“Inherent risk is the risk of money laundering and terrorist financing before you take any what we call mitigating factors into account,” explained Cécile Moser, audit and financial crime director at PwC Luxembourg. “It’s really when you look at the threats and the vulnerabilities in the market.”

Vulnerabilities include the large volume of transactions, the cash-based nature of transactions, the speed of payments and their geographical reach.

On the other hand, “mitigating factors are all the controls that exist at the level of the country--the fact that we have laws and regulations, national authorities, law enforcement, everything that the professional will put in place themselves,” said Moser. Residual risk is therefore what remains once you take ‘inherent risk,’ then add or subtract ‘mitigating factors.’ “At the end of the day, the risk is medium, because of all the protection that we have.”

Practical recommendations

The CSSF guidance document provides several practical recommendations, like implementing policies to ensure that staff members understand the controls that need to be done. But how else can companies protect themselves from risks related to AML/CTF?

“The first recommendation, if I may say, and the only way that such entities would protect themselves better from ML/TF risks, is to implement a proper and adequate AML/CFT framework,” said Sandrine Périot, AML/CFT partner in the regulatory consulting expertise of Arendt. The CSSF has given the theory--businesses then need to put it into practice.

“Some key elements of a framework include the need for businesses to conduct a risk assessment, as well as define a risk appetite statement--how much risk a business is willing to accept--and prepare a risk-based approach and categorisation of clients,” said Périot. “This means that a company needs to decide which customers it will conduct business with.”

These are a few components, but not all. “You need to focus in priority on the obligations that have been listed under the AML/CFT regulation, in particular the law and grand-ducal regulation,” Périot added.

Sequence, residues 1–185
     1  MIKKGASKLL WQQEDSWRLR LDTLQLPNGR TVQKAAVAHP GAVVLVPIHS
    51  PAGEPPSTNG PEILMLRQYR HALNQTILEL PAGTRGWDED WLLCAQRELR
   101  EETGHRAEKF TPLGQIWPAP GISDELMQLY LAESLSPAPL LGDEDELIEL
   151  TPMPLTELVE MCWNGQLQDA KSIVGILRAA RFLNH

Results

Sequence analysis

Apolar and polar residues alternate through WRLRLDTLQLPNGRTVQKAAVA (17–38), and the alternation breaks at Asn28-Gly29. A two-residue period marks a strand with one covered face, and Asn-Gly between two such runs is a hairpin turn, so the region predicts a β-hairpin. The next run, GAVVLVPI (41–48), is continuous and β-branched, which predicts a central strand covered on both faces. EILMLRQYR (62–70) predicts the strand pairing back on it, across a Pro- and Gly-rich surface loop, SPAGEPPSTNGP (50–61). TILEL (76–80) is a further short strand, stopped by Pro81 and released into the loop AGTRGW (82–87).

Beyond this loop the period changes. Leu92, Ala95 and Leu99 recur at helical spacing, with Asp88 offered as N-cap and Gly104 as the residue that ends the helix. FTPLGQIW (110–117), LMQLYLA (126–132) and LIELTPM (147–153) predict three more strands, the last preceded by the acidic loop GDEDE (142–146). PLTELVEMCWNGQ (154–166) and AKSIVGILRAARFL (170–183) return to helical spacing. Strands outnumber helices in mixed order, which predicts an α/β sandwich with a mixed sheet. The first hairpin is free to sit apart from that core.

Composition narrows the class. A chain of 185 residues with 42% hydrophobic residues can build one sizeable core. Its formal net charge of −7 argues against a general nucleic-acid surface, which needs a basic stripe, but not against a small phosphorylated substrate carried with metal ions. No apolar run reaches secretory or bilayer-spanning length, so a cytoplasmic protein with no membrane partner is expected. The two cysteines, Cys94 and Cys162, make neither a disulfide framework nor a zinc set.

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The CSSF guidance is “really a document that is supposed to help agents and e-money distributors to better understand the risk of money laundering and terrorist financing they are exposed to,” said PwC’s Haas, even though these players are outside the traditional finance sector.

Some of the red flag indicators mentioned in the guidance’s appendix might seem obvious, but it’s a good reminder of the necessity of meeting and applying professional obligations, complemented Moser. The document also serves as a reminder that agents can ask the payment institutions on behalf of which they work for assistance in establishing controls. The CSSF also provides help to professionals with guidance documents as well, but via conferences and website communications as well. “I think it’s also up to the agents and distributors to be aware that this information exists,” she said, and to be proactive.

“I believe that what is at stake in this field is globally so important that it is always useful to remind people through a guidance, or through any other sort of tool, of what it is that is at stake,” Arendt’s Meyer concluded. “Reminding people of what their obligations are always contributes to raising awareness, promoting a better understanding which is ultimately key in securing compliance.”

This article was published for the Paperjam+Delano Finance newsletter, the weekly source for financial news in Luxembourg. .